Understanding p53 functions for its therapeutic targeting
Cancer genome sequencing efforts have led to the identification of all major alterations that occur in a wide variety of genes. Among these, p53 is the most mutated gene across all cancer types. Mutant p53 often acquires gain-of-novel functions (GOF) properties to drive cancer progression and metastasis, making it a potential target for therapeutic intervention. Yet, there are no effective strategies to target mutant p53.
Our laboratory, along with many others, have contributed to the analyses of the various types of p53 mutants, which has led to the conclusion that not all p53 mutants are equal, as they vary in their ability to drive cancer progression. P53 mutants vary in their transactivation potential, from having lost functions partially (PF) or with complete loss of function (LOF), to dominant-negative (DN) and GOF, as depicted below.
Thus, there is no “one-size fits all” approach that can be employed to target mutant p53, and a systematic approach is required to develop mutation-specific reagents. In this regard, we have spent the last few years on a program to generate novel molecules that would target mutant p53 expression without having an effect on the WT allele, using a multitude of strategies, such as mutation-specific siRNAs and mutation-specific monoclonal antibodies.
Our proprietary p53 mutation-specific siRNAs are capable of targeting and silencing the expression of specific p53 mutations, without affecting the expression of the WT protein (please see example figure below). These tools are now being developed further to be eventually used in the clinical setting, particularly for targeting hepatocellular carcinoma, which has a high prevalence of the R249S p53 mutation.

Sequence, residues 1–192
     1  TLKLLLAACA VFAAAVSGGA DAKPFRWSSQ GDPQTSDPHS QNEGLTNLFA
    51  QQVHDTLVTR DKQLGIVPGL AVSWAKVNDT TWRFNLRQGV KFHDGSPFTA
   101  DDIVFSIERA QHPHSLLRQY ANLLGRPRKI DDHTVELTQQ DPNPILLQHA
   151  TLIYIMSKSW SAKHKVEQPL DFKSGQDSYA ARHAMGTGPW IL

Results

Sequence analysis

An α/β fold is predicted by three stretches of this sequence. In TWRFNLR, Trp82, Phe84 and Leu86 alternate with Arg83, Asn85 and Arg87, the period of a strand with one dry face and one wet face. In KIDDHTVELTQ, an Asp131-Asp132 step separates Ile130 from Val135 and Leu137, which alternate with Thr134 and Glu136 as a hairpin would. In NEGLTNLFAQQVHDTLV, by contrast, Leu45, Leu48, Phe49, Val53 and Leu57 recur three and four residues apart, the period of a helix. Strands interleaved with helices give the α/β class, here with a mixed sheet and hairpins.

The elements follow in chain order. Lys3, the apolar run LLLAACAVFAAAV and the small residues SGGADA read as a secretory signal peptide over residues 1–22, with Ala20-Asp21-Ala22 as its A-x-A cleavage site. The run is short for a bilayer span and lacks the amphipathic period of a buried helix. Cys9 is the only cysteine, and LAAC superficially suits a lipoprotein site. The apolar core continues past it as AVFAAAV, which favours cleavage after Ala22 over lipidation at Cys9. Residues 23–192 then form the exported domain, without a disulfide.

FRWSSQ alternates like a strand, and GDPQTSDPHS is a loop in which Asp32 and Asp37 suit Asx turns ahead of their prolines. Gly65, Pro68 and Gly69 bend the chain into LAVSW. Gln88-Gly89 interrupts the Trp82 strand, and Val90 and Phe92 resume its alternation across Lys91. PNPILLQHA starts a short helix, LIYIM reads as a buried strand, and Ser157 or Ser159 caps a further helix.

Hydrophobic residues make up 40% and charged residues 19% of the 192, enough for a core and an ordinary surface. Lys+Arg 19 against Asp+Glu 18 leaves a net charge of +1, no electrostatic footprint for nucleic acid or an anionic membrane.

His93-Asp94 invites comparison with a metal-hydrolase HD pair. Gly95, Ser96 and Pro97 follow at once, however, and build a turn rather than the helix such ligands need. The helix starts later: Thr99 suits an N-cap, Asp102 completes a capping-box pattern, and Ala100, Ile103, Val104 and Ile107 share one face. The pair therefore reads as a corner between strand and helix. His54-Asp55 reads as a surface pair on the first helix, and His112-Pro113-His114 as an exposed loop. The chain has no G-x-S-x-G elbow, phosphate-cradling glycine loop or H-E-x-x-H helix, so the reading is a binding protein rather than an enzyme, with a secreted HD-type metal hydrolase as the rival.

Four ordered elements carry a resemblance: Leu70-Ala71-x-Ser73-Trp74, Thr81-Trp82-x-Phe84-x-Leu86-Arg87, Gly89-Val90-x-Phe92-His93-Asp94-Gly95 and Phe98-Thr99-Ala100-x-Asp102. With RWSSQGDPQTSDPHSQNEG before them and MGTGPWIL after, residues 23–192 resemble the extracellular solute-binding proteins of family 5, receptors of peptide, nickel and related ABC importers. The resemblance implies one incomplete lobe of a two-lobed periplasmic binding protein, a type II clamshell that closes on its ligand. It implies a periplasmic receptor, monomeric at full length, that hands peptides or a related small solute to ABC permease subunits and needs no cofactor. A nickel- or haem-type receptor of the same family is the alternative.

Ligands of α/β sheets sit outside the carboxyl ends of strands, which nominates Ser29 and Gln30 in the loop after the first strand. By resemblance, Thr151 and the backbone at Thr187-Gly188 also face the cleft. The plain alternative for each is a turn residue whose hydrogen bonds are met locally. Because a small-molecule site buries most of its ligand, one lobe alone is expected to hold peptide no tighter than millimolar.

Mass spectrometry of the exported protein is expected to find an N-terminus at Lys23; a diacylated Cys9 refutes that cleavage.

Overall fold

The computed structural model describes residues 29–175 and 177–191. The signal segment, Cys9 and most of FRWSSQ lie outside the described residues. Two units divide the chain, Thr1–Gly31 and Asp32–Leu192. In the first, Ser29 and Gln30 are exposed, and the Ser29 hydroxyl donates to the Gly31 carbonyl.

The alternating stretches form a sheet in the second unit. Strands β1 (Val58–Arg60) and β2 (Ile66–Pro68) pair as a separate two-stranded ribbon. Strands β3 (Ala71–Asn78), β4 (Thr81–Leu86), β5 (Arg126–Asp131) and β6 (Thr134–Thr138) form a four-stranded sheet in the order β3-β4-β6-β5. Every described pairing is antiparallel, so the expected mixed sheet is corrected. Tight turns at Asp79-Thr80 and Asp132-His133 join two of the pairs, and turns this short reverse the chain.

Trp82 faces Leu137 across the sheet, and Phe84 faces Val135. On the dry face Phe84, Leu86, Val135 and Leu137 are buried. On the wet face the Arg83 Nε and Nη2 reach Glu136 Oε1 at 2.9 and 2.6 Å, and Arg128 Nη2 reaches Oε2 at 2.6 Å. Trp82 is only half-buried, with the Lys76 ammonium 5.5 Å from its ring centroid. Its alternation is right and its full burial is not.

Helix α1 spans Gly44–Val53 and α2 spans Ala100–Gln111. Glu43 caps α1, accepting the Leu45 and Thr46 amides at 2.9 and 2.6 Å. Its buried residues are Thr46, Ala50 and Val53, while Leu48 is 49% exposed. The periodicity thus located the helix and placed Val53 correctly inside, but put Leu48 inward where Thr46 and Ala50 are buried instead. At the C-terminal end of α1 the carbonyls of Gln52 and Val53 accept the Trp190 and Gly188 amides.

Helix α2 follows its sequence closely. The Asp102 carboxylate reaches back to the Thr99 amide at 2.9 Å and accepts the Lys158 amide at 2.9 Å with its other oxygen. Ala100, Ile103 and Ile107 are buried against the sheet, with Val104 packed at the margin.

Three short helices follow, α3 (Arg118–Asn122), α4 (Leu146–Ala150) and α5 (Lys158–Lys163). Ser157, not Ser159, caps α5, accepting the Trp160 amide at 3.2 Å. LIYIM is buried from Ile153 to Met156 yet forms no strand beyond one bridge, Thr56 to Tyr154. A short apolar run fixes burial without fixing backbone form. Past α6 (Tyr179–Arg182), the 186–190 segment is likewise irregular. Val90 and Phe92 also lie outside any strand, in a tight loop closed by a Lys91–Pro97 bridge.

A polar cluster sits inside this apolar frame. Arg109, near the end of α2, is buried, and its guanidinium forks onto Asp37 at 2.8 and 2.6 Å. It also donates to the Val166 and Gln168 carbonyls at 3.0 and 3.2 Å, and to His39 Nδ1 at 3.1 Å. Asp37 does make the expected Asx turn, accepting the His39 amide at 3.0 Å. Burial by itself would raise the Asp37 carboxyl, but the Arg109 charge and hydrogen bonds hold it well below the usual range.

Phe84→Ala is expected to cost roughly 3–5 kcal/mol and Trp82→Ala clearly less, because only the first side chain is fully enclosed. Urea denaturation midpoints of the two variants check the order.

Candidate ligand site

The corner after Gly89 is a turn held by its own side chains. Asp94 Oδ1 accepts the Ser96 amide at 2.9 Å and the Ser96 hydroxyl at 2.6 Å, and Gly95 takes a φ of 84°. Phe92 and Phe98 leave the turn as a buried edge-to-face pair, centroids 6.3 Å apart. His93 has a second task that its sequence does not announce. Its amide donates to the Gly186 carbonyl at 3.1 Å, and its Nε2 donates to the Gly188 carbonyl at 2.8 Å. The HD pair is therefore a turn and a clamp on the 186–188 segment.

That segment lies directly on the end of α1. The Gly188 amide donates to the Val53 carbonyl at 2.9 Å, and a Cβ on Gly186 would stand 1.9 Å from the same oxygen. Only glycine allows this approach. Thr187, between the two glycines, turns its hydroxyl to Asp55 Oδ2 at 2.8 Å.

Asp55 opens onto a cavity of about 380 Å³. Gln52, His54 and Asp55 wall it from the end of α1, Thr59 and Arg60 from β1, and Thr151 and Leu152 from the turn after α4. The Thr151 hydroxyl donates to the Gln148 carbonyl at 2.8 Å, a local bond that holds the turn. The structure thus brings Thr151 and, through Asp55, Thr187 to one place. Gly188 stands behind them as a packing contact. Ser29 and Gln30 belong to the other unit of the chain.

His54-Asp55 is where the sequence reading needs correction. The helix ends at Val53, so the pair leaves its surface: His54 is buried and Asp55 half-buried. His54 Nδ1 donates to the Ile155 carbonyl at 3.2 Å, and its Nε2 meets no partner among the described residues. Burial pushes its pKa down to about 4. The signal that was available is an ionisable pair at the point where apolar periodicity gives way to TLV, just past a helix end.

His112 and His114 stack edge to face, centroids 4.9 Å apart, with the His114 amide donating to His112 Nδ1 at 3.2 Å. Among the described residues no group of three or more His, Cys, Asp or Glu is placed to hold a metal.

The other technology we have developed together with Sir David Lane’s laboratory is the p53 mutation-specific antibodies. Similar to the mutant-specific siRNAs, these antibodies are highly specific for the intended p53 mutants (please see figure below) and could be used in the clinical setting for diagnosis of patients with the specific mutations. We are developing these antibodies further to be used clinically for tumor monitoring and therapy, and are also utilising this antibody platform to generate mutation–specific antibodies for other common mutations found in cancers.
We are also harnessing p53’s tumor suppressor potential to prevent cancer development, and to delay the relapse of cancers. Using genetically modified mice to express p53 in a temporal manner, we are exploring if p53 expression can delay tumor development in a variety of cancer models. Small molecules and natural compounds capable of p53 activation are also being pursued to achieve these goals.
Various other projects aimed at deciphering p53 functions to modulate its activity are underway.